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Immigration: "Round 'em up and send 'em home"?

As you were forewarned, more on the immigration issue. In comments to the original post, one reader suggested the possibility of solving the problem by deporting the estimated 8 - 12 million illegal workers already here. This is an often-encountered argument among the "enforcement first" or "enforcement only" advocates. It relies on multiple false presumptions, though.

Now, even most of those with this view realize it is impossible to "round 'em up" with law enforcement. For example, we currently have about three million people incarcerated in this country. They are serving an average sentence of three years, but their actual average time served is eighteen months. This means that we catch and convict about 2 million serious criminals per year - that includes ALL levels of law enforcement, though: federal, state, and local. So in order to capture and deport 12 million illegals beyond the current law enforcement efforts in, say, three years, would require increasing the total number of law enforcement officers in this country by 200%. Where would these people come from, who would train them, how would they operate? Will we have checkpoints? "Papers, please."

Of course, this is only a nightmare, so the proponents of such fantasies suggest businesses who employ illegals might be forced to stop, and turn them in, with the threat of draconian penalties if they fail to comply.

Leaving aside for the moment the concept of government requiring private citizens, untrained and unarmed, to enforce the laws the government itself, with its virtually unlimited resources, cannot, may we recall this has already been attempted?

One feature of the Simpson-Mazzoli bill was to require employers to submit a form, the "I-9," verifying each new hire, which would include photocopies of three forms of ID, at least one of which must have a picture. Employers who failed to comply would be subject to drastic penalties, so we all did - religiously. Now, if an ID is faked well enough to pass a layman's inspection, it might be good enough for a photocopy to even pass an expert's examination. Not that it had to - so many of these forms were being received, they overwhelmed the ability to examine them, so they simply didn't examine them. And this did . . . exactly what good?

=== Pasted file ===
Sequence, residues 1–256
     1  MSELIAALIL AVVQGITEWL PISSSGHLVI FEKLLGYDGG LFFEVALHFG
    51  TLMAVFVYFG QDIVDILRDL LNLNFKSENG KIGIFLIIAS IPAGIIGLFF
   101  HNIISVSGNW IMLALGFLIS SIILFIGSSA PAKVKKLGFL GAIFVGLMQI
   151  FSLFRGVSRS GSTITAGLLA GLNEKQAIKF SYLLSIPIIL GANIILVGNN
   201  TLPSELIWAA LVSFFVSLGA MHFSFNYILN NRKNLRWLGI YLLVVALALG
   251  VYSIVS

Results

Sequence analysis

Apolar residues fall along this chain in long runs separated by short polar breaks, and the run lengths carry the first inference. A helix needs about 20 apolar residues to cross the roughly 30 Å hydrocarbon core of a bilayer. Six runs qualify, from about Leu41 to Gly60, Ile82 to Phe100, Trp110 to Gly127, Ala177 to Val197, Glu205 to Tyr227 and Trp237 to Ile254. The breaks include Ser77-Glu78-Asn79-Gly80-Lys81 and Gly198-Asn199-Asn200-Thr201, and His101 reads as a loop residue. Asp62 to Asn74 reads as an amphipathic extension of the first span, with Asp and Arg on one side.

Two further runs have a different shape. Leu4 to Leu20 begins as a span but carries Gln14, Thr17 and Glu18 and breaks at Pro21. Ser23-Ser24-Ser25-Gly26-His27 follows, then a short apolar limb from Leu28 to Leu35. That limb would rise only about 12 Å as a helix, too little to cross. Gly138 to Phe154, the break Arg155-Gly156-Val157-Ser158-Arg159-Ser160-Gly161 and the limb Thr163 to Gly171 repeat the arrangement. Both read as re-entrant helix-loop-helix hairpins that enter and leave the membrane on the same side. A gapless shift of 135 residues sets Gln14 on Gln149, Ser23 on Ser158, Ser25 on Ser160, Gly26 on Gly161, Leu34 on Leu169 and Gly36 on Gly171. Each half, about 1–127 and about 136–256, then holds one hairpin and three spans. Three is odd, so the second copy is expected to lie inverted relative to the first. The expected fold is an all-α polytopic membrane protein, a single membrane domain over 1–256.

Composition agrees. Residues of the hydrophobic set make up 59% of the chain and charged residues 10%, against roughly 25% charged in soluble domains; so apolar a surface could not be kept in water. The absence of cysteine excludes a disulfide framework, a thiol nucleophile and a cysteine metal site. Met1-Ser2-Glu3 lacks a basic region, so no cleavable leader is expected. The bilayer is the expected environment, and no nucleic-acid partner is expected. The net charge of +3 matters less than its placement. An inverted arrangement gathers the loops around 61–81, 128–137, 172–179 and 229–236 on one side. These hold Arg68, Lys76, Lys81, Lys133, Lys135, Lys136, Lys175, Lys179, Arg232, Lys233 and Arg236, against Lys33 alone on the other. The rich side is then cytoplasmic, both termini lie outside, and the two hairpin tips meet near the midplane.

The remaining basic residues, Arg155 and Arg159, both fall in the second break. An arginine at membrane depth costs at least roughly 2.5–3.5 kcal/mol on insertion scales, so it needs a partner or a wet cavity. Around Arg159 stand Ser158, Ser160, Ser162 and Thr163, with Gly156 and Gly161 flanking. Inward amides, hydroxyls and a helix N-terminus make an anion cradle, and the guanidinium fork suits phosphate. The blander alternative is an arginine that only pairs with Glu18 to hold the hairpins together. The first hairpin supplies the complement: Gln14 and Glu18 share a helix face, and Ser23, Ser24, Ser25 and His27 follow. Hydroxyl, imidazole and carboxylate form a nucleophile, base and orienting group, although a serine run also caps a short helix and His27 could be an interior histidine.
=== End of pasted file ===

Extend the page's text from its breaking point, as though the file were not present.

Even if it were possible to somehow detect and deport 12 million illegal workers immediately, who would replace them? I warned before that math would be involved:

Our current labor force is roughly 158 million people, and the unemployment rate at 4.6% equals 7.28 million people currently unemployed - but most of them aren't really available for employment. Economists agree there is a level of unemployment which cannot long be breached, because some people are always going to be technically unemployed as they go back to school, start a business, have a baby, or even are just "between jobs." What this "full employment" level is remains a matter of debate, but nearly all agree it lies somewhere between 3.0% and 4.0%. Taking the lower figure to calculate the number of "unavailable" unemployed workers, we see that about 4.75 million of the 7.28 million total of unemployed are simply not presently part of the active labor pool, leaving only 2.5 million unemployed and actually available to work to replace 12 million workers you just deported.

But that number includes all job categories. Among the 2.5 million are unemployed teachers, dental assistants, librarians, secretaries, and engineers - not likely candidates to take openings in roofing or other construction labor trades, or to pick cantaloupes.

So with fewer than 2.5 million eligible to replace 12 million booted out . . . um, do we have anything but a labor shortage which would ignite a wage-price spiral, endangering the economy?

Before some wag brings up "discouraged" workers, let me note their numbers have never ranged, since the stats were first compiled in the '80s in an effort to find a way to discredit the Reagan Recovery, beyond that of 1.3% to 1.9%, and currently reside in the upper-middle range of 1.7%, or about another 2.7 million workers. But these are usually older workers who couldn't find work in their salary range and have managed to figure out how to survive until retirement kicks in, not people who will come out of "unemployment" to cut your grass.

The numbers tell the tale: you can't replace 12 million workers with 2.5 million or even 5.2 million or 7.28 million. Do the math.

It's not a question of "jobs Americans won't do," it's a matter of "jobs there are no Americans TO do." Any realistic approach to the issue requires the facts of the situation be considered, and there is no majority in the Congress to expel the bulk of people who are here illegally, but working and not engaging in criminal activities, even if it were economically feasible to do so.